5. The 1926 starting date is often chosen because the current Standard
& Poor's 500stock index dates from that year. However, a comparable
series going back to 1870 was compiled by the Cowles Commission. Where
necessary (for example, in calculating "perceived" risk), this
paper uses the full series.
6. The point that the return on a mature pay-as-you go retirement
system like Social Security is linked to the growth of the economy was
first made by Samuelson (1 958) and confirmed by Aaron (1966). It is
accepted by "privatizers" like Feldstein (1994) and Ferrara
(1985). A pay-as-you-go pension like Social Security is linked to labor
compensation, which grows at almost exactly the same rate as the economy.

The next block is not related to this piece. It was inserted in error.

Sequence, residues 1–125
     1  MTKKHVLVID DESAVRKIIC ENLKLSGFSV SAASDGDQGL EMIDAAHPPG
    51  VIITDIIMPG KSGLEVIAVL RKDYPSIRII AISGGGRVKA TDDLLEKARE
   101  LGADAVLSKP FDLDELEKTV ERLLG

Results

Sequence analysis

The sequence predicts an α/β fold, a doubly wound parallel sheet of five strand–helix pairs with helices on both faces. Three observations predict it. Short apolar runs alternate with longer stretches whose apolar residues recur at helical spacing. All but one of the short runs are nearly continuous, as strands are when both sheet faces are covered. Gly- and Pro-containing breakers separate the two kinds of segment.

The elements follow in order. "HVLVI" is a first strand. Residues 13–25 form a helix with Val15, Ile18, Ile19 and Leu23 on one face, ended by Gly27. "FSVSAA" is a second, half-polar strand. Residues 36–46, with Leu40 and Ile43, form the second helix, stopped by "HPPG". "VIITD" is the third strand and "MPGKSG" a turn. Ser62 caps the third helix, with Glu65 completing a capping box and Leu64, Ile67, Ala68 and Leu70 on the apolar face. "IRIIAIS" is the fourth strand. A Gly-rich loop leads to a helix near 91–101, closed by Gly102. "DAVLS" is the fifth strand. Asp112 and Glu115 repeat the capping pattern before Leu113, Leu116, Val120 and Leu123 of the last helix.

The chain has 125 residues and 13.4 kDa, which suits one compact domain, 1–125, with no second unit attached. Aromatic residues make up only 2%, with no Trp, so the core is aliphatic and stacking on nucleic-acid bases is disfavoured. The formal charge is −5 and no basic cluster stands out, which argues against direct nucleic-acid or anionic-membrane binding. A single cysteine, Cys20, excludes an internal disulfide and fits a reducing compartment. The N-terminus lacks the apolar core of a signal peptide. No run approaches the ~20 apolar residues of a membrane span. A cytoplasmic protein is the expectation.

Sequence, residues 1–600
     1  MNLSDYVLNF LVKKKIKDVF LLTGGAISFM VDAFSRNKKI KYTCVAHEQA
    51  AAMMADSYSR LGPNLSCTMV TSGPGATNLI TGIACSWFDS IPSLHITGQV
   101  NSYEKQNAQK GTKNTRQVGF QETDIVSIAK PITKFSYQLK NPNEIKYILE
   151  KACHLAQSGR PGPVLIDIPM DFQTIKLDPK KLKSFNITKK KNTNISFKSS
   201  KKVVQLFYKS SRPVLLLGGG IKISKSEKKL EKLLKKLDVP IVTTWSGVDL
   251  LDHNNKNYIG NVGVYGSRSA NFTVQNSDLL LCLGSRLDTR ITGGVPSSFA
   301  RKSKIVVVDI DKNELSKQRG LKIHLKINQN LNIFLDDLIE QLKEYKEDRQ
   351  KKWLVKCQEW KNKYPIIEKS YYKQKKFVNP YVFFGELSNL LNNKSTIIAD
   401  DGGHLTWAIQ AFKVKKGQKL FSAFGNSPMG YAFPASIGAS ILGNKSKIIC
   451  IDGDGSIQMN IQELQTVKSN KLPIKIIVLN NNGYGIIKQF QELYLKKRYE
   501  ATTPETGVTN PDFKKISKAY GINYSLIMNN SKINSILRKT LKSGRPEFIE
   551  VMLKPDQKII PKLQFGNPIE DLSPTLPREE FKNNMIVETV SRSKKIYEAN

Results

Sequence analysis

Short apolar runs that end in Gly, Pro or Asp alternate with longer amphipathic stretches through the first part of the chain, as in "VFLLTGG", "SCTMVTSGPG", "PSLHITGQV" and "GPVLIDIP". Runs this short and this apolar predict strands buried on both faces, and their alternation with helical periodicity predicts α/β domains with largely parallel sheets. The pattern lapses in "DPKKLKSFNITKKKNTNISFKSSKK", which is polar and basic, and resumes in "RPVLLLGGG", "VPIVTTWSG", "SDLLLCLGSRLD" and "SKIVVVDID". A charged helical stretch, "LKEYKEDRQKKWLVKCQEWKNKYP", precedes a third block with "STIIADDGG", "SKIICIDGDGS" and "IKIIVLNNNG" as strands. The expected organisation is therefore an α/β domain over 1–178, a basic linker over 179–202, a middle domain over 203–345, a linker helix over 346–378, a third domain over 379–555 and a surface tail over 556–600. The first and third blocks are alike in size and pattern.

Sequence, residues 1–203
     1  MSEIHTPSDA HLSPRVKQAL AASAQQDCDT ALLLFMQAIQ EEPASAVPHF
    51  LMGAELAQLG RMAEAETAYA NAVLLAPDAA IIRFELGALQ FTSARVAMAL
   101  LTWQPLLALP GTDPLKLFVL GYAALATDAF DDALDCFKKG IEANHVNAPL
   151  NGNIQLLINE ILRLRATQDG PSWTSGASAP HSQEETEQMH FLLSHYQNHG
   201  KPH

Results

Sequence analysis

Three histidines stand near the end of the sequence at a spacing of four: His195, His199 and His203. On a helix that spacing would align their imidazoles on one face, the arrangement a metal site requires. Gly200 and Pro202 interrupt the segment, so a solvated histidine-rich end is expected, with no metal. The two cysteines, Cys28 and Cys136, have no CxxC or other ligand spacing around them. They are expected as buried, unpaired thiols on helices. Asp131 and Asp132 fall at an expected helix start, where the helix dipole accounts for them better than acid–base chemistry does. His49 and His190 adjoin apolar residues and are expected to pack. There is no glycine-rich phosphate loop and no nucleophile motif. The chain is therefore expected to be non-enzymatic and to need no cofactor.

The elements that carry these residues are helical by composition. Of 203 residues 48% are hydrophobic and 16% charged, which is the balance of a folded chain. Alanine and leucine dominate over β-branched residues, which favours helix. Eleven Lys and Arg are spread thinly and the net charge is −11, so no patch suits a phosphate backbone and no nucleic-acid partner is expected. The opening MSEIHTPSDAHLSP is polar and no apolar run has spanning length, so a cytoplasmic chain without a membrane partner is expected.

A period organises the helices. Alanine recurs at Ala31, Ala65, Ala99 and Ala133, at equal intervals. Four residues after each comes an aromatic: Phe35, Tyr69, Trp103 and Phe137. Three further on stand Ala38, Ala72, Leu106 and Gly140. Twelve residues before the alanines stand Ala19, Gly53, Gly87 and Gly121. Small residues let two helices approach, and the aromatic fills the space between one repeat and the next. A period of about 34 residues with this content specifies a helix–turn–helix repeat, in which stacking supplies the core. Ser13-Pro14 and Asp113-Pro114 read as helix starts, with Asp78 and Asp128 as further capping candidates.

However, the return is also affected by changes in aggregate contributions
and benefits as shares of the economy and by the relative number of
workers and beneficiaries. For an evenhanded discussion of the influence
of economic and demographic assumptions, see General Accounting Office
(1997). The volatility risk for Social Security is a bit lower than for
the economy. Social Security is tied to labor compensation, which grows at
the same average rate, but vary less than the rest of national income.
7. This calculation treats post-Korean War average volatility of
nominal GDP (about 3.1 %) and stocks (about 11.9%) as "normal."
The "normal" stock risk premium, compared with the economy (or
with Social Security), is therefore about [.5(l.119²) + .5/(l.l19²)] -
[.5/(l.031²) + .5/(1.031²)] = 2.35%. This applies to the